Specialize in Your Real Estate Practice and Carve Out Your Niche:
There are very few real estate professionals that can be everything to everybody. The most successful ones have found a niche and stuck with it. It could be a certain type of client (buyers or sellers) or a market area or a property type (condos, commercial).
We're going to profile some of the more common niches, or areas of specialization, that have been successful for agents. It doesn't hurt to also specialize in something that you enjoy doing.
Work Only With a Certain Type of Property:
The choices are many in this area. You can be a commercial property specialist, selling business structures. Or you can specialize in single family residential homes, farms and ranches or even just condominiums. There are agents out there in big condo markets that have their web sites named "XXX Town Condos". There are agents who only do land sales in the more rural areas.
Specializing in One Geographical Area:
If you have very large subdivisions in your area, specializing in one subdivision has been found to be very lucrative for some agents. It's called "farming" an area when you focus your marketing on it. If you're listing homes, the frequency of your for sale signs in a subdivision can bring you business from those who perceive you as that area's expert.
If you're in a rural area with many small towns, you might want to specialize in one or two of these towns.
Work Only With One Type of Client:
This is another very popular niche strategy. There are agents that only work with sellers and list exclusively. There are buyer agents that do not list. Frequently, these two niches are combined in one office or on a team. This is one niche that can evoke an emotional response. "I hate working with sellers!" could indicate that you'd be happier, and thus more successful working only with buyers.
A very special niche is the "invester client". These clients buy and sell for investment only.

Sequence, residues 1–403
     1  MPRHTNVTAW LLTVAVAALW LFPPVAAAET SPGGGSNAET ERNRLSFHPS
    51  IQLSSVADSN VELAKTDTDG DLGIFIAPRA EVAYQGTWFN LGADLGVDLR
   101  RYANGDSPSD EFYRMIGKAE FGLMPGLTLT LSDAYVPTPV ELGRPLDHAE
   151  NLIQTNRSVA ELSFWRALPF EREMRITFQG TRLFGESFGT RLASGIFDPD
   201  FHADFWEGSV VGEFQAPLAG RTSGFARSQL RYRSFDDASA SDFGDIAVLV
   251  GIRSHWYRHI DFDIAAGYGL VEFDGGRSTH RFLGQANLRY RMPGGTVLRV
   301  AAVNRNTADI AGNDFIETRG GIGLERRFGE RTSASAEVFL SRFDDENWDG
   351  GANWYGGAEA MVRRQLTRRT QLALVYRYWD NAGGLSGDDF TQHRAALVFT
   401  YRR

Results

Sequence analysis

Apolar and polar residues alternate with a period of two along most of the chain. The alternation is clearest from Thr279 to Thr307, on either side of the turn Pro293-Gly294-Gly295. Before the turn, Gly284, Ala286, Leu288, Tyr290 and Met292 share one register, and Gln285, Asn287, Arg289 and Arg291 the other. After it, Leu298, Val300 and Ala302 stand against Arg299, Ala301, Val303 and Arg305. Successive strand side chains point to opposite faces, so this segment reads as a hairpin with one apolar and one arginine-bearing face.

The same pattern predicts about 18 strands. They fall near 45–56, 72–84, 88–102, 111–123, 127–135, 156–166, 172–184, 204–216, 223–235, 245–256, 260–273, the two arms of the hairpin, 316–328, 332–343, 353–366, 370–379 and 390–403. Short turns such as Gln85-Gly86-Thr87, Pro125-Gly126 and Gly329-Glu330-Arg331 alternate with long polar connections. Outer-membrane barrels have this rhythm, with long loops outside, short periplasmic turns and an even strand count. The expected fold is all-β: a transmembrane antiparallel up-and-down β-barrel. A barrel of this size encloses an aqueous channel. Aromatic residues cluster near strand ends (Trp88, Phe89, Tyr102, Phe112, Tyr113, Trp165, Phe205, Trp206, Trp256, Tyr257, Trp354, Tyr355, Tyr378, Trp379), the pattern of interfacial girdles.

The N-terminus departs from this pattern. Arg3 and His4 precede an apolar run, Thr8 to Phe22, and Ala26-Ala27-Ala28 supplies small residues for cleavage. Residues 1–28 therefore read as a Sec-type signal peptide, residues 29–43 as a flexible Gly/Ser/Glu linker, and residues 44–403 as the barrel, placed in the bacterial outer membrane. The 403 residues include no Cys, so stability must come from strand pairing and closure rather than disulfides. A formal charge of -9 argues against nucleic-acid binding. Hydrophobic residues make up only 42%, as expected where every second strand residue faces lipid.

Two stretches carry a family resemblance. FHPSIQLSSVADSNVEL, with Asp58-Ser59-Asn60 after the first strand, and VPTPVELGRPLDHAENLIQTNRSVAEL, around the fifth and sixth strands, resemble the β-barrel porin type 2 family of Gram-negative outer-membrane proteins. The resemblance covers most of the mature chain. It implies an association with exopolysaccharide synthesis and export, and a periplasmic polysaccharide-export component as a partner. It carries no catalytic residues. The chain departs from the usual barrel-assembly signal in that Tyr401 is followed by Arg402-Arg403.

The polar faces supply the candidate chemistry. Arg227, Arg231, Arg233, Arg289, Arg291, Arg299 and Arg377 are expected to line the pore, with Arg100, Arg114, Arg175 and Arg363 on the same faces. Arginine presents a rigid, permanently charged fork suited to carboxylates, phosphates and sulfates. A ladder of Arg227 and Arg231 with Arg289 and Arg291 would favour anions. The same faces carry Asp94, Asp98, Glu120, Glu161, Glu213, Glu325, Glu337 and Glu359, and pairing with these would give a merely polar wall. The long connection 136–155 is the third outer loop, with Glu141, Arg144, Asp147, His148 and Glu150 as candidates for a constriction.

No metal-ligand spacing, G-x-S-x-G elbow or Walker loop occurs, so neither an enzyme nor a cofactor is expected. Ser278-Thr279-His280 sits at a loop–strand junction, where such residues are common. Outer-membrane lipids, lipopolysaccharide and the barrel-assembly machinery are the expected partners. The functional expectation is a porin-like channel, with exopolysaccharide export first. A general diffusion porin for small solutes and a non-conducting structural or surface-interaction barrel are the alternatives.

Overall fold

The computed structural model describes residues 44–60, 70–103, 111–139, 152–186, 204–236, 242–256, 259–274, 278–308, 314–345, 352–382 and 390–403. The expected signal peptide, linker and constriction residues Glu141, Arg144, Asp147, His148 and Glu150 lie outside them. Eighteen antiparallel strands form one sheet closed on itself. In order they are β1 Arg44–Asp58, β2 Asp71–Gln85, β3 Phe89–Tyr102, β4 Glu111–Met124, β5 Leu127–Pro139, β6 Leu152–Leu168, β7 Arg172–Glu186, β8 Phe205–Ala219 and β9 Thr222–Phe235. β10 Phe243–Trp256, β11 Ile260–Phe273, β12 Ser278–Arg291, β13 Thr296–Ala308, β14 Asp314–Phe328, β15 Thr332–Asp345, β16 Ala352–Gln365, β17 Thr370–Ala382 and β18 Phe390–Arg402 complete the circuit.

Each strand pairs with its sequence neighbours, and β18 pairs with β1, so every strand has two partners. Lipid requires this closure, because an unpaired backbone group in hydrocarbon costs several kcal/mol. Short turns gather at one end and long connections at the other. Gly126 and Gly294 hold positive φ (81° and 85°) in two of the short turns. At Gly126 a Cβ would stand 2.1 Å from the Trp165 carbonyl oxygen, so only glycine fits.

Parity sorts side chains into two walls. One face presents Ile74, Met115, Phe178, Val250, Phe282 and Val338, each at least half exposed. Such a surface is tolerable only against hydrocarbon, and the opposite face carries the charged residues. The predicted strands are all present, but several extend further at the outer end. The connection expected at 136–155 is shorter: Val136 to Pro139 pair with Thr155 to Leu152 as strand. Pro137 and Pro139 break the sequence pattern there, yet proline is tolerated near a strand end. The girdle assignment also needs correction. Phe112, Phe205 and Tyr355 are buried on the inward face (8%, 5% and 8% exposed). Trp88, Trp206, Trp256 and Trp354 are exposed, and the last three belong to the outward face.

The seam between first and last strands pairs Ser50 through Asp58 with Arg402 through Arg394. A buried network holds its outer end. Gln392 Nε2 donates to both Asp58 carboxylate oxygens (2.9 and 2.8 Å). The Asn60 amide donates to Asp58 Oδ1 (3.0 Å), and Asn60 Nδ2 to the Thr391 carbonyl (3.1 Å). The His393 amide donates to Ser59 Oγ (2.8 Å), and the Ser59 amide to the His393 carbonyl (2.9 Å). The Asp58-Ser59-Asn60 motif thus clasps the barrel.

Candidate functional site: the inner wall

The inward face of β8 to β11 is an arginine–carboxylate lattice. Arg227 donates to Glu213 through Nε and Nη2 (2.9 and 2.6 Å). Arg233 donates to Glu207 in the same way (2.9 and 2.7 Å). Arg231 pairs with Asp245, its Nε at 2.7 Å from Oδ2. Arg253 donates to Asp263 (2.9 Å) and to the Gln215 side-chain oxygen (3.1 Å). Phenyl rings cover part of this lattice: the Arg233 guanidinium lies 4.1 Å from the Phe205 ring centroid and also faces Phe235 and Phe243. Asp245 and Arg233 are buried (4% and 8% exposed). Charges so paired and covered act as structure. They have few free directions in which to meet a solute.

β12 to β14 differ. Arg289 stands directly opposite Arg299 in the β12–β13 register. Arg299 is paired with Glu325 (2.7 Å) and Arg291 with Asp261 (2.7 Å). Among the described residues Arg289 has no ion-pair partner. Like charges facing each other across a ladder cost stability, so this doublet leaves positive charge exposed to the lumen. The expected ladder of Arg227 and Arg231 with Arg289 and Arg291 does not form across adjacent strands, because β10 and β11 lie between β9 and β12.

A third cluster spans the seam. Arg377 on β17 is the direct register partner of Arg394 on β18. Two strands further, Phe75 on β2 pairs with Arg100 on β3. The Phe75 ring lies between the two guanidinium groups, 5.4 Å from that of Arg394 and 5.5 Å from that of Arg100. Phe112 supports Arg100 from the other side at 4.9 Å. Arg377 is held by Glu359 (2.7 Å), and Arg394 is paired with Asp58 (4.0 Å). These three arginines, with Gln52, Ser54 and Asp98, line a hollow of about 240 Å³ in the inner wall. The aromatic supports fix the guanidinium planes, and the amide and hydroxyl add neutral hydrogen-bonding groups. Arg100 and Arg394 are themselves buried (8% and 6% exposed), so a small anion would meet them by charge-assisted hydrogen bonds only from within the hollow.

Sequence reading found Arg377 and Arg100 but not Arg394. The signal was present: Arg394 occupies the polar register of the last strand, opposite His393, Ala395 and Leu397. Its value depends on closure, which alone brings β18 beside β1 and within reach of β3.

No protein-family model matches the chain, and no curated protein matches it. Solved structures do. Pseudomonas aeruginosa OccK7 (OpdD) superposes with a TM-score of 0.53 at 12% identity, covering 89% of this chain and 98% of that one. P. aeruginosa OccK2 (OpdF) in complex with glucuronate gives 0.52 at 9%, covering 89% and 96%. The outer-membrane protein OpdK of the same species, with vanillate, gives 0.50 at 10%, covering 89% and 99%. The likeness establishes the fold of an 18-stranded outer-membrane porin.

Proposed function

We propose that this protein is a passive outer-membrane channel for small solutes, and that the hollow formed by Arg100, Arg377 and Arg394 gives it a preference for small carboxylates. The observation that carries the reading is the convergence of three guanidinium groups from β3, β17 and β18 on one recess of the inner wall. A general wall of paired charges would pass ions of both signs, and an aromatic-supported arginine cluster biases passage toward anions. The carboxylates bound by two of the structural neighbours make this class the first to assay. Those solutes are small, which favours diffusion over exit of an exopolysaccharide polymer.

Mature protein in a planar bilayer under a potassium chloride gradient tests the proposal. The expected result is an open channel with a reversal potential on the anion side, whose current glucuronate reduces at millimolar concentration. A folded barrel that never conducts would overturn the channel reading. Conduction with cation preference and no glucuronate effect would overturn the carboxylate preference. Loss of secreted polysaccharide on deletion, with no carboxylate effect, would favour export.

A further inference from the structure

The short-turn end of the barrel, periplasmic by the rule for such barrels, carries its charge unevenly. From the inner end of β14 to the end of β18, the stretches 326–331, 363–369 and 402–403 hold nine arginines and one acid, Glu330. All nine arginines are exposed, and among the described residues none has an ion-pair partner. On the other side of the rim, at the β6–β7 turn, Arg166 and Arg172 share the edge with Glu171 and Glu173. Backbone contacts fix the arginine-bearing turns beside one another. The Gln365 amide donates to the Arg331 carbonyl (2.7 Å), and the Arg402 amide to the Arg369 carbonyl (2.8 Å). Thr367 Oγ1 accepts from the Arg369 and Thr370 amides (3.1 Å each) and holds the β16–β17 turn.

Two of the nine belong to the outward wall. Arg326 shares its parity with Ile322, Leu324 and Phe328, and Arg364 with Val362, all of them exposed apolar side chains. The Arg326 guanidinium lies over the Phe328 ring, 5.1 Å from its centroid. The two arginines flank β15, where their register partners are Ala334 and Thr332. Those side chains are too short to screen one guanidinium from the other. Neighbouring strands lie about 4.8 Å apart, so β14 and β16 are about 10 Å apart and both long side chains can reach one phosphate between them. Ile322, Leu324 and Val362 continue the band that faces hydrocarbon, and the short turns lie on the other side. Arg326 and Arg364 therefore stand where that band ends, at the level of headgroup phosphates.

The High-End Exclusive Properties Specialist:
Usually only after a reputation has been established in a high price market, an agent can specialize only in higher priced properties. This market niche requires excellent marketing skills and a high profile in the community. This agent would market to the concerns and needs of very high priced property owners.
The Property Management Specialization:
Especially in resort and vacation markets, an agent can make a very nice living managing short and long term rentals for their clients. Within some offices, cooperative marketing has been done, with a vacation home buyer agent and a management agent working together. A vacation home buyer may want to use the property only part time and rent it out for income when they aren't there.
The Internet Buyer as A Niche Strategy:
This is a strategy that has been very successful in vacation/resort markets, or in markets with a high percentage of buyers that are coming from outside the area. With more than 70% of internet buyers indicating that they ended up working with the first web agent that contacted them, you can see the potential.
Combine Niches to Find Your Perfect Marketing Strategy:
Take any two or more of the above specializations and combine them, if it works for you. You could be an Internet Buyer Agent specializing in Farms and Ranches. Or perhaps you'd like to serve only sellers of high-rise condos in the city. It's your business and your success.
The Distressed Property Niche:
This became a major niche after the crash in the real estate and mortgage markets beginning in late 2006 or early 2007, depending on area. However, one should be careful about committing too much in the way of planning, marketing and future income based on bad times. Wouldn't you hate to be the only person in real estate complaining about good times?